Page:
Frontenac Hearing Clinic – How Loud is Too Loud?
Here is our recent article printed in Neighbours of Kingston Southwest magazine
How Loud is Too Loud?
We live in a loud world. Traffic, vacuums, barking dogs and crowds, even the most mundane sounds can cause damage to our hearing if we’re exposed for long enough. ‘Long enough’ might not be as long as you might expect. The good news is, we can help prevent noise induced hearing loss by wearing hearing protection or moving ourselves away from the source of the noise.
Noise induced hearing loss occurs in our inner ear, where the tiny hair-like structures process the sound. These structures can only handle so much intensity before they to breakdown. Around 85 dB is the level at which damage can start to occur with exposure. The level of sounds we hear every day range from whispers at 20-30 dB to sirens at around 120 dB. Lawn mowers, live sporting events and even wearing earbuds are activities that most of us don’t think twice about; these activities are loud enough to cause permanent damage to our hearing with enough exposure. In 2015 the World Health Organization reported nearly 50 percent of teens and young adults ages 12-35 are exposed to unsafe levels of sound from their personal music players. Most earbuds have a top volume range of about 85 dB – 110 dB. There are so many sounds in our noisy world that can cause damage, knowing a few of them will help get you started on the path to protecting your hearing.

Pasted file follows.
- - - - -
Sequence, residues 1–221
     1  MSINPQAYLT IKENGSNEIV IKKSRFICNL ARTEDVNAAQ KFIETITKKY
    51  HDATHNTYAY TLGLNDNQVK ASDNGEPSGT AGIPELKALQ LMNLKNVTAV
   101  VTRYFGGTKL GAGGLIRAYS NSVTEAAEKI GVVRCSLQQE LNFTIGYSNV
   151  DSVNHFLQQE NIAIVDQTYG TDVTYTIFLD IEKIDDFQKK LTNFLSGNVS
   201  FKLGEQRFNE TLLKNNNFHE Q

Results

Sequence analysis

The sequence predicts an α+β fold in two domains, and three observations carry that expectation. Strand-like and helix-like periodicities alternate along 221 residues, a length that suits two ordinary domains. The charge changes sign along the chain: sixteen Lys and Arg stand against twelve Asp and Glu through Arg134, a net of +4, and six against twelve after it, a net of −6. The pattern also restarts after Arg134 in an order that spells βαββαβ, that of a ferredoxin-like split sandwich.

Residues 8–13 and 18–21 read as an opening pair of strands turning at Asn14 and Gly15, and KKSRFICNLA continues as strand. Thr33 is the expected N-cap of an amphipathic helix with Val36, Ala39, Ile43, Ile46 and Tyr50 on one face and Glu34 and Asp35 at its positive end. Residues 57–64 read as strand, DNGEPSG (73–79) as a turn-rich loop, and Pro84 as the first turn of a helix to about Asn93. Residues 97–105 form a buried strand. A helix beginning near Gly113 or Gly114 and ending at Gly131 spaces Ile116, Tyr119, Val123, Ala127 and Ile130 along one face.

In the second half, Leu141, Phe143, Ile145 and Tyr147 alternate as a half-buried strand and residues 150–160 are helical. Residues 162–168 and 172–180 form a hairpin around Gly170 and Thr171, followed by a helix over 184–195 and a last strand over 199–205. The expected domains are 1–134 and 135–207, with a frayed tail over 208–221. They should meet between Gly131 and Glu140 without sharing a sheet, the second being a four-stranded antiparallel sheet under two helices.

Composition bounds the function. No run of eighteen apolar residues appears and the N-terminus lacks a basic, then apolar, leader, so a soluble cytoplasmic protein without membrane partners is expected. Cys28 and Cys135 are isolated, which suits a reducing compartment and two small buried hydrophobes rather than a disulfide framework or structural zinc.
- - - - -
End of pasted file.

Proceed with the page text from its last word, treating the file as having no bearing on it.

We’ve put together a graphic to give you an idea of how loud some common sounds are and how much exposure you would need before potential damage occurs. Keep in mind, there are some factors that will influence our exposure, like loud jobs and hobbies. Since we are aware of these factors it makes it easier to prepare and protect ourselves.
Along with damage to our hearing, noise exposure can also cause tinnitus (ringing) in the ears. Often presenting as a high-pitched sound heard in one or both ears, tinnitus can be temporary or permanent and can be very annoying.
Preparation and protection are key. Just as you would wear a hard hat on a construction site, we should be training ourselves to wear hearing protection when we are in loud environments. Damage due to certain noises can happen in as little as a few minutes. While there will always be noise at unexpected times that we can‘t prepare for, we can and should be preparing for the times we can.